STOCKHOLM.- Moderna Museet
has the great pleasure of presenting Georges Adéagbos first exhibition in Sweden. Adéagbo bases his complex installations on the historic and cultural aspects of the city or place where he is exhibiting. In the exhibition La naissance de Stockholm..! / The Birth of Stockholm..! Adéagbo brings together Sweden and Benin, to generate displacements and new narratives.
Since the 1990s and his participation in the Venice Biennale in 1999, Georges Adéagbo (b 1942 in Cotonou, Benin) has shown his work internationally. One vital aspect of Adéagbos method is his examination of how the viewers own cultural context explains and invests objects and events with meaning. His complex collages are based on his exploration of the culture and history of a city or place. Books, newspapers and clothes bought in flea markets in Stockholm and Cotonou are combined with illustrations and woodcuts and intertwined with the artists hand-written texts.
In Georges Adéagbos new work for Moderna Museet, he creates a collage of events and individuals, where history, philosophy, politics and religion are recurring themes. Jesus, Queen Christina, René Descartes and Okwui Enwezor are all included in his installation. By creating new contexts and meanings, Adéagbo changes our habitual way of seeing the world, says Matilda Olof-Ors, curator.
One of the oldest depictions of Stockholm is found in the Sun Dog Painting in Stockholm Cathedral. It shows the optical phenomenon of halos, an atmospheric event that appeared over the city in April 1535. During one of his preparatory visits to Stockholm, Adéagbo was captivated by this renaissance work of art. He has translated the Sun Dog Painting by ordering a woodcut of the painting from an artisan in his hometown of Cotonou. The paintings in Adéagbos installations are never made by himself but ordered from local artisans in Benin who make them according to his instructions.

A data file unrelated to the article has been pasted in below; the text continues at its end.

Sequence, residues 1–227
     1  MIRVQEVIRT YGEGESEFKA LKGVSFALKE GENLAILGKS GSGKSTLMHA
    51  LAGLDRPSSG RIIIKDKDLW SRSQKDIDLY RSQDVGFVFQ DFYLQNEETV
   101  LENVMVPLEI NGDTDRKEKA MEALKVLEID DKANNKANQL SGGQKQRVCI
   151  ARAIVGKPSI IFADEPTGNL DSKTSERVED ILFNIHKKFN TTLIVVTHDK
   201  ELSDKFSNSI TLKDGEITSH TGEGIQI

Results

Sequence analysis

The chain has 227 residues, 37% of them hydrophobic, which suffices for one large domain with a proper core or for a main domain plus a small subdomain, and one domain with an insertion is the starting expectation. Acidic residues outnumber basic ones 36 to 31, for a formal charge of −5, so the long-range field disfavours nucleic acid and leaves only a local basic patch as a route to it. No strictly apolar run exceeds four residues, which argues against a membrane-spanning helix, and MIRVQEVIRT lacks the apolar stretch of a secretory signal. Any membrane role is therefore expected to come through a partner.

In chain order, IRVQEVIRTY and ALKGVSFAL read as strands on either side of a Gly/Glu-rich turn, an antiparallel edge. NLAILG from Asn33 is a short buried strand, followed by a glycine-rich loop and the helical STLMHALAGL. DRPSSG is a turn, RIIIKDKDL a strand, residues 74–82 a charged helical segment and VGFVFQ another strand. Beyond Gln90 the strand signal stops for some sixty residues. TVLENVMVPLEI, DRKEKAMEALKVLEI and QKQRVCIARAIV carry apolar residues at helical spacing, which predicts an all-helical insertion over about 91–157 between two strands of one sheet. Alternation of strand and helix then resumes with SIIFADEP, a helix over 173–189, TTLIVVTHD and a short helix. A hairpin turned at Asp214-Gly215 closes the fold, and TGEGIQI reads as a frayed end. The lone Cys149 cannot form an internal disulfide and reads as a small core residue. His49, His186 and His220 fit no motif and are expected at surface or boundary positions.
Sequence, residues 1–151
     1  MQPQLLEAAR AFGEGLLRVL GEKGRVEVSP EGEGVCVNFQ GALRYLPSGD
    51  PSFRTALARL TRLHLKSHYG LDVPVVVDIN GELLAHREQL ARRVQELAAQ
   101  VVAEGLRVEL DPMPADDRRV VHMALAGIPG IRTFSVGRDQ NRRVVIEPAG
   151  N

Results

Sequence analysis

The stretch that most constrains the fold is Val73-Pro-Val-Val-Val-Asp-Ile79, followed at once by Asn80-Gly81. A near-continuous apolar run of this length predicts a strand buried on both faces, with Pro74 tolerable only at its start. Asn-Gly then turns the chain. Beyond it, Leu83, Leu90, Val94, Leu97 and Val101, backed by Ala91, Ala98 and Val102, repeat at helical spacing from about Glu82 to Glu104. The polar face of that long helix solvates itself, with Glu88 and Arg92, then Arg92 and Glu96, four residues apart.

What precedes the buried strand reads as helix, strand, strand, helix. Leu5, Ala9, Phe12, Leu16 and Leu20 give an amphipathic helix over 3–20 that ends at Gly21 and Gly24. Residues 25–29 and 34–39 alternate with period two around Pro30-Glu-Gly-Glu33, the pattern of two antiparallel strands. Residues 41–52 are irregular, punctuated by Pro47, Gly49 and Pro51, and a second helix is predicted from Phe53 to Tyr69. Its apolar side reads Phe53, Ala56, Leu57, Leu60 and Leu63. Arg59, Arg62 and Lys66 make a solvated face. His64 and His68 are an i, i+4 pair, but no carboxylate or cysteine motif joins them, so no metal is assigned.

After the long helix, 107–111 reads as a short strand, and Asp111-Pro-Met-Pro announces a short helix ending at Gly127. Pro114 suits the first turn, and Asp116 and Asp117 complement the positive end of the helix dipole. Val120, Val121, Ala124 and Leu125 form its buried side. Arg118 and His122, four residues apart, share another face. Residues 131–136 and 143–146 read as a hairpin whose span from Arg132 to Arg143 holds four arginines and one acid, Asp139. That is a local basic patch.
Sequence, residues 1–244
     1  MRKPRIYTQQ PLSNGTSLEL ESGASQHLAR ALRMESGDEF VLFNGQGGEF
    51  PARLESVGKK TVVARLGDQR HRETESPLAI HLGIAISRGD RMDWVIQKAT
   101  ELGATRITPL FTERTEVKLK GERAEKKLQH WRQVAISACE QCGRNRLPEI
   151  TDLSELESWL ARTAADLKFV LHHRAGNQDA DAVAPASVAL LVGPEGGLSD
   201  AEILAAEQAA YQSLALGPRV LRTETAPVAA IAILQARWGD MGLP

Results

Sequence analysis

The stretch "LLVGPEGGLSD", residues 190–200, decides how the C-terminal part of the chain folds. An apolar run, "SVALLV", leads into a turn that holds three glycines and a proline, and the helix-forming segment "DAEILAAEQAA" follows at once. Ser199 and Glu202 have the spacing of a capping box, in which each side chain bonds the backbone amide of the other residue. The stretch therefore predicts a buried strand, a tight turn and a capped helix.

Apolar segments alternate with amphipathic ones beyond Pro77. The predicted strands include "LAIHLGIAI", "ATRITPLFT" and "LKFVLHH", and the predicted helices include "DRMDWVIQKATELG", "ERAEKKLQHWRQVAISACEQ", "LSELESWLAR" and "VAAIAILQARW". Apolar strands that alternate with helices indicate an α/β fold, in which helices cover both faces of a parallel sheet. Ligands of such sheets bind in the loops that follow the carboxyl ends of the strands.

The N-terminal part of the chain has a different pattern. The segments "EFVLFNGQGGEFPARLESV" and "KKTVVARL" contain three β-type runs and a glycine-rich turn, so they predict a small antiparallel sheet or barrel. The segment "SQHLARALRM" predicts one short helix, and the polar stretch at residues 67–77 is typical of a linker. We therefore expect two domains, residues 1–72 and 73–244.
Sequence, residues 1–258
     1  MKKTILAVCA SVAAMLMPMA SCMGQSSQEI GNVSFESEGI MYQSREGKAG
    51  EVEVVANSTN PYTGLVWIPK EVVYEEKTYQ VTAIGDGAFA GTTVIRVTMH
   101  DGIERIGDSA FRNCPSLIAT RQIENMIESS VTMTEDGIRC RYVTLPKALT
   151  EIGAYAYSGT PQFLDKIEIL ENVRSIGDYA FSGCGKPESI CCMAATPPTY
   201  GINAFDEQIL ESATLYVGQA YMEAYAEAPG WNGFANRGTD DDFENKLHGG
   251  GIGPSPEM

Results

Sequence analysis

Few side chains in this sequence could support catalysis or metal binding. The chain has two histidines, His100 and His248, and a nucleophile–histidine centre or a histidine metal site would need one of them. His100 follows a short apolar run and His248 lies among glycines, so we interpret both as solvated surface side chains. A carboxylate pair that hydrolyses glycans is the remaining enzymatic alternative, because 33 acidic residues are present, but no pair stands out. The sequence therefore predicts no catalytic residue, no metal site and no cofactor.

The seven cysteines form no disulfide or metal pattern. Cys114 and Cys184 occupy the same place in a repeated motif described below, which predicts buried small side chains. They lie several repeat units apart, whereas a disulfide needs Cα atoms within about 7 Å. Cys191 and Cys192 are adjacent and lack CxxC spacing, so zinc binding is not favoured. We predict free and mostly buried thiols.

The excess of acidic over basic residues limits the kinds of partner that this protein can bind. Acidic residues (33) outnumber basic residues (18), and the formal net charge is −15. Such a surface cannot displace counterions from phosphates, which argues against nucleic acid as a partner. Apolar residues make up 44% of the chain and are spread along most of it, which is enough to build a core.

In this exhibition, Adéagbo also explores the history and art collection of the Moderna Museet. Iconic western modernist works have been recreated in new versions. The goat with a car tyre in Robert Rauschenbergs famous Monogram (1955-59) is reinterpreted in Adéagbos installation as Abrahams biblical sacrifice. The exhibition features paintings based on photos from various pivotal events in the museums history, for instance, a photo from 1967 of the Moderna Museets former director Pontus Hultén and the artist Lucio Fontana, in the form of a black-and-white painting.
Georges Adéagbo was born in Cotonou, Benin, in 1942. He studied law and business administration in Abidjan, Ivory Coast, and in Rouen, France, in the 1960s. He lives and works in Cotonou and in Hamburg, Germany. His works have been shown at the São Paolo Biennial, the Venice Biennale, Documenta, the Johannesburg Biennial, MoMA PS1 in New York, the Serpentine Gallery in London, the Toyota Municipal Museum of Art and Palais de Tokyo in Paris.